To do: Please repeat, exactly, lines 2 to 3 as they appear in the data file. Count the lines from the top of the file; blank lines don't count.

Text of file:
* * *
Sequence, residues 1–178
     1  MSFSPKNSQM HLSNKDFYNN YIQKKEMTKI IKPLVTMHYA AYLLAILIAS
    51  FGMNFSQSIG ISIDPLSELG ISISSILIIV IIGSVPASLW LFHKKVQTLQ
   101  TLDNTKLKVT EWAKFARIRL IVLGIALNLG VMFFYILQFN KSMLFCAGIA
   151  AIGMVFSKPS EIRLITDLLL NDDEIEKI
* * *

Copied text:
     1  MSFSPKNSQM HLSNKDFYNN YIQKKEMTKI IKPLVTMHYA AYLLAILIAS
    51  FGMNFSQSIG ISIDPLSELG ISISSILIIV IIGSVPASLW LFHKKVQTLQ